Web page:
Flood (aka Mark Ellis) could be called one of the most mysterious record producers working in the business by name alone, not to mention that most special way his ears hear music, and the extraordinary gift with which he translates that sound onto record. From revolutionizing U2's sonic landscape at the dawn of the 1990s by credibly delivering them into the electronic dimension with the 20-million selling album Achtung Baby, to the way he and fellow visionary Trent Reznor developed the sub-genre he'd invented throughout groundbreaking albums like Pretty Hate Machine and The Downward Spiral, Flood has been convincing bands to take artistic risks for decades, risks that often have turned out to be leaps in musical time. "1979," one of Smashing Pumpkins' most progressive hits, is one such sonic journey, as is Depeche Mode's futuristic-sounding Violator. They remain among so many other trail-blazing moments in his storied catalog. His co-pilot behind the boards for over 30 years, engineer Alan Moulder, a translator of sorts for Flood, who has remained an invaluable partner in his record-making process for both soundmen's entire careers, joins us here.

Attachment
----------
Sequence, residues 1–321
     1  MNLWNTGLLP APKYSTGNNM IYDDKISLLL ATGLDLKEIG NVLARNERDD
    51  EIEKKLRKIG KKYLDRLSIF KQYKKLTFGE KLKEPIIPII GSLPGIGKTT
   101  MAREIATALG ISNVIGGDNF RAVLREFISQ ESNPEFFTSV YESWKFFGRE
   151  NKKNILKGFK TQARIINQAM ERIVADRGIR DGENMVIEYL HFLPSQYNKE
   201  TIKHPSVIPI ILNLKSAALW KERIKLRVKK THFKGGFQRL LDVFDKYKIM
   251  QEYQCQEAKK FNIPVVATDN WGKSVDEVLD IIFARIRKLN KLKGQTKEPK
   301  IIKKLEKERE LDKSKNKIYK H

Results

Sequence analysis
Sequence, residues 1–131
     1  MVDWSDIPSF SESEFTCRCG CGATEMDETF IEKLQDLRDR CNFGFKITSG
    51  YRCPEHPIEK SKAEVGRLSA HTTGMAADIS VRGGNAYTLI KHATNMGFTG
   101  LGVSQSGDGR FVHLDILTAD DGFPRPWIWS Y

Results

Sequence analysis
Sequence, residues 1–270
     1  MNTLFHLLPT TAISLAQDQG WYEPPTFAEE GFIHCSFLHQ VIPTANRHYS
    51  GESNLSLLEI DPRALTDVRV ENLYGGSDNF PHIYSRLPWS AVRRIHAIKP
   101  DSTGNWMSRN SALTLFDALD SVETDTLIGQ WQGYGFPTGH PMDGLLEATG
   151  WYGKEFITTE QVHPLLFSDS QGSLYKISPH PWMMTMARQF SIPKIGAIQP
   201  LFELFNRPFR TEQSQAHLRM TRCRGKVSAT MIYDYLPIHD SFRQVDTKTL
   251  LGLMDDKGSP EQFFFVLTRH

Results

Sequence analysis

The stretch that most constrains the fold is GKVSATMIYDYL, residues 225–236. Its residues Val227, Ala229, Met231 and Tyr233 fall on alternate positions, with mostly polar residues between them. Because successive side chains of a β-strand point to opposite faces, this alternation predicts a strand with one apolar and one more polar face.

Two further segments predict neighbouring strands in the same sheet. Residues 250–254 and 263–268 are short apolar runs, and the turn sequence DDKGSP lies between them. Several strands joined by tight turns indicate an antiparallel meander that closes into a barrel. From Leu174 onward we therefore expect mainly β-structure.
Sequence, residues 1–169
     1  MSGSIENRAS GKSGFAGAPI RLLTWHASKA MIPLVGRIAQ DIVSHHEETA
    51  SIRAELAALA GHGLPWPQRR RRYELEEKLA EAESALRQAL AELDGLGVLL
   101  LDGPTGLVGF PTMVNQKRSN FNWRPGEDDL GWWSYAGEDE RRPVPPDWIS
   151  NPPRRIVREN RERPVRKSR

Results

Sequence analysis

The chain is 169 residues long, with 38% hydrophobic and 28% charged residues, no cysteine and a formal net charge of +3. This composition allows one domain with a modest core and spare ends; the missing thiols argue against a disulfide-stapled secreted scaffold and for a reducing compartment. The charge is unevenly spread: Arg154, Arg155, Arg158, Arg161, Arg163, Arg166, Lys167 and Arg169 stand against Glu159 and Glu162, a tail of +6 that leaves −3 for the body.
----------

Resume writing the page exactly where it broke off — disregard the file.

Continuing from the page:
I wanted to start off by going back in time to when you and Alan Moulder first founded a production partnership, one that hasn't had a break in over 30 years. What has made you two work so well together, over so much time and through so many classic albums and hits?
Flood: Alan and I have worked together, and been friends, since '83 or '84, and we worked a lot in the same studio starting out as engineers. He's one of the best people you could end up trusting as a really good friend, but also professionally he's highly consistent. We've always worked really, really well together.